Watching a screener copy of A Beautiful Mind a bit of dialogue leapt out at me:

You have no respect for cognitive reverie you know that?

Yes, but pizza, now pizza I have enormous respect for— and of course beer.

I have respect for beer!

I empathize with Nash, for his ineptitude with women, and his grappling with the concept of an original idea. Yesterday, I had a flash of insight regarding the difficulties facing rhetoric. It seems to me that classical rhetoric is a rhetoric of one direction— missives are launched like missiles, crafted to persuade. Though the needs of an audience are valued, they are valued only in that they allow the missile to be smarter in reaching its target. Once a text leaves the hands of a rhetor, it’s a one way trip.

Modern rhetoric faces the challenge of being a kinder and gentler rhetoric, a rhetoric of dialogue, of conversational interchange. It is bi-directional, dialectic, and not martial in its intent. It is supposed to change both the rhetor, and the audience, in a mutually beneficial way. How is this possible? Just as the unidirectional World Wide Web is not what Tim Berners-Lee envisioned, modern rhetoric falls short of the concept, and still follows the classical assumptions. Two way communication is great to talk about, but nearly impossible to practice. Blog conversations work that way too. Each person launches their viewpoint, tentatively, into an ocean of others. Others seldom comment, and the basic text does not become modified, it only moves on to new texts.

How is it possible, outside the realm of theoretical speculation, to have a text that is both coherent, and subject to revision from both sides? Just after I formulated this question yesterday afternoon, I found that Dr. Kleine had just had an article accepted for publication on the very same topic. So much for my original idea.

Of course I could still work on it— but it just isn’t the same. My answer would probably be different and Dr. Kleine, in his usual self-deprecating way, didn’t seem very confident with his answer to the problem. I get to read his article next week, but it seems weird that every time I think of something, someone else has been there first.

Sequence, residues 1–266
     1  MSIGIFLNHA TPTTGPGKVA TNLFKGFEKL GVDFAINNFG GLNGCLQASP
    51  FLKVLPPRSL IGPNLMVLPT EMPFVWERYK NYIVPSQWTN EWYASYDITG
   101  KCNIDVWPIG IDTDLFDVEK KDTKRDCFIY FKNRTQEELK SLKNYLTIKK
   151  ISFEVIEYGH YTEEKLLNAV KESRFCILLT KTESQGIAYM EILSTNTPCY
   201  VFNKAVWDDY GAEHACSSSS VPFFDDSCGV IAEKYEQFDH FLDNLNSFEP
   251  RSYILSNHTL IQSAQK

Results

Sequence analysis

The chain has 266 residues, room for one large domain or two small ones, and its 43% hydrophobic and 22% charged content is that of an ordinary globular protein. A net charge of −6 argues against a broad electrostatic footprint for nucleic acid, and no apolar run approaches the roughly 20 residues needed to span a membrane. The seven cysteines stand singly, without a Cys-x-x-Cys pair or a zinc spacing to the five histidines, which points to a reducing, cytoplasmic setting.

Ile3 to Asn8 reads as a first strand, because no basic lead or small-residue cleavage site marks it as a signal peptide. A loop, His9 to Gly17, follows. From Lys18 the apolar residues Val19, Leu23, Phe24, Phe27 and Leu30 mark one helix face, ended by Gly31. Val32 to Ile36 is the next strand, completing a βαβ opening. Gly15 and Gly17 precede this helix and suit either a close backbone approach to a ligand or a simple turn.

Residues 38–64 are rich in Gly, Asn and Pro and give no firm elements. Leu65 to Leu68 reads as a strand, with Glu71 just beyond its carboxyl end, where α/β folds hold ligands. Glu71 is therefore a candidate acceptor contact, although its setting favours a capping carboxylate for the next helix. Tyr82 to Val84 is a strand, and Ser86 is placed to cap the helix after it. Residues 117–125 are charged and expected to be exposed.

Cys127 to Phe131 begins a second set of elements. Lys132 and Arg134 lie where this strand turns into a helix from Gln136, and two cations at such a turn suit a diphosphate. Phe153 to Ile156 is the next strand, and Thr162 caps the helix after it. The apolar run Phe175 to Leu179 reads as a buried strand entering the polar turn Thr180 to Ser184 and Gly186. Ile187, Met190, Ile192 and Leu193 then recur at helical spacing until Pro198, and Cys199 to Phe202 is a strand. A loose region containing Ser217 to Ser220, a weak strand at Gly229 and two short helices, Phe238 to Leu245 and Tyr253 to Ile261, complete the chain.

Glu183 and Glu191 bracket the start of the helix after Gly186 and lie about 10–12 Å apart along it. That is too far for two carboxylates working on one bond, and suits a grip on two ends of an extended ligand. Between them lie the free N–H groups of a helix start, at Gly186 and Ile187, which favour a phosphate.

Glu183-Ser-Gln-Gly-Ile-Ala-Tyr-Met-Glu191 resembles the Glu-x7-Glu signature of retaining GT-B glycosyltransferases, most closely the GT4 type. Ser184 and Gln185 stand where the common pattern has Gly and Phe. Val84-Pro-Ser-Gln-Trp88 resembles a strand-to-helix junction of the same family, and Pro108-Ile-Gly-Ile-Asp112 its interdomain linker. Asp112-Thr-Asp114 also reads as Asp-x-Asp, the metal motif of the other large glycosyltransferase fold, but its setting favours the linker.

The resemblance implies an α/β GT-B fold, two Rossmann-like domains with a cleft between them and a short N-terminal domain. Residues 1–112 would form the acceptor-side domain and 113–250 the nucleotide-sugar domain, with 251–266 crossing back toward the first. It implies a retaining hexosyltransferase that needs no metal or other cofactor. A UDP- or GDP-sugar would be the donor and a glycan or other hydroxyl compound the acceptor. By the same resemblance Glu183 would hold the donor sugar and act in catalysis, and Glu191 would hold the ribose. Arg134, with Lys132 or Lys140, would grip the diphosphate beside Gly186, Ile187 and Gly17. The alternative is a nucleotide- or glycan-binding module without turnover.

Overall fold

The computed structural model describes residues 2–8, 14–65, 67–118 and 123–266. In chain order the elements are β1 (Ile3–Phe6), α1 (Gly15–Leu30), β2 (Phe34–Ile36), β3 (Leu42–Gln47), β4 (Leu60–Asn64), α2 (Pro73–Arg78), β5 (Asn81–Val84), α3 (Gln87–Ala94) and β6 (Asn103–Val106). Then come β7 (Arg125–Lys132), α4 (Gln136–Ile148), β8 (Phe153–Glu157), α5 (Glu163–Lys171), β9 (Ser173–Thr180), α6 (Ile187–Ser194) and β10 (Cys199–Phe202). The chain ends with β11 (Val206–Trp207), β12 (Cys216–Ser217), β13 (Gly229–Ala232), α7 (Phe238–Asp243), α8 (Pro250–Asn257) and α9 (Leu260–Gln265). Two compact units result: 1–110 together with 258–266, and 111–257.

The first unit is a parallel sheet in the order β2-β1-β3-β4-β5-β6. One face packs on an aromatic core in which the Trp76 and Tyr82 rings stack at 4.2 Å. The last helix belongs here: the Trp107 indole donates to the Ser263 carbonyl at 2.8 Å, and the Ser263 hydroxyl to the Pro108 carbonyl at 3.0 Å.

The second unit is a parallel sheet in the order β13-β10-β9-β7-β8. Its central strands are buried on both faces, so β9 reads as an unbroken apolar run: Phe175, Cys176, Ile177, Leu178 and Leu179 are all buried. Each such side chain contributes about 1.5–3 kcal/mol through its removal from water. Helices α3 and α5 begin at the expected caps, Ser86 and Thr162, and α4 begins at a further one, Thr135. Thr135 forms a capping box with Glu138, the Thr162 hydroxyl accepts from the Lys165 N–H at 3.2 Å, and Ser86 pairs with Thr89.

I’ve met a lot of truly brilliant people since I came to Arkansas. Each one has their own specialty, and modes of invention. I spoke to Dr. Levernier, an instrumental figure in reconfiguring the canon of American literature today, on my way to class this morning. He reads things in a truly unique way, offering perspectives that I would never dream of. I was amazed when I taught class today that nearly everyone read a text I gave them in the same way. It was a narrow reading, which missed the entire substance of the article. It dawned on me that finding that one original way to approach things is a defining character of genius. Genius seems to truly be “a table for one, with the eagle circling Prometheus chained to his rock.”

The first two articles I had my classes read were on this topic. There were several definitions offered. Plato saw genius as a character of being possessed by a spirit, as did William Blake. Longinus saw genius as the character of being in possession of the time in which it lives. Mary MacLane’s perception of genius was much like the Platonic version, but she added the attribute of being able to see far inward; geniuses are people who truly know themselves. Must this come at the expense of relationships with others? Sometimes, this really seems to be the case.

The price paid for that “one original idea” is isolation. This isn’t a very comforting thought. At least it’s something I don’t have to worry about— I haven’t had an original idea yet.

Last night, Dr. Kleine added a new wrinkle to my thinking about it. He noted that there are two types of genius, genius that works through an outpouring of uncontrolled thought like Beethoven, and genius that sees things in pictures, pictures which only must be committed to the page after conception, like Mozart. I suppose I fit more with Mozart, but I’m hardly on the same planet. I think in pictures. So why did I ever end up in the word business? That’s something I still haven’t figured out.

I have long tried to come to terms with the isolation that results from seeing the world in a different way. If I were a genius, I suppose that might be some small comfort. But I’m not, perhaps that’s why I think about it so much. At least I have a respect for cognitive reverie and beer.

1 thought on “Genius”

  1. Not to sully your scholarly web site with pop drivel, but I had to give a Home Simpson quote*raising his glass* “To beer! The cause of and the solution to most of life’s problems”

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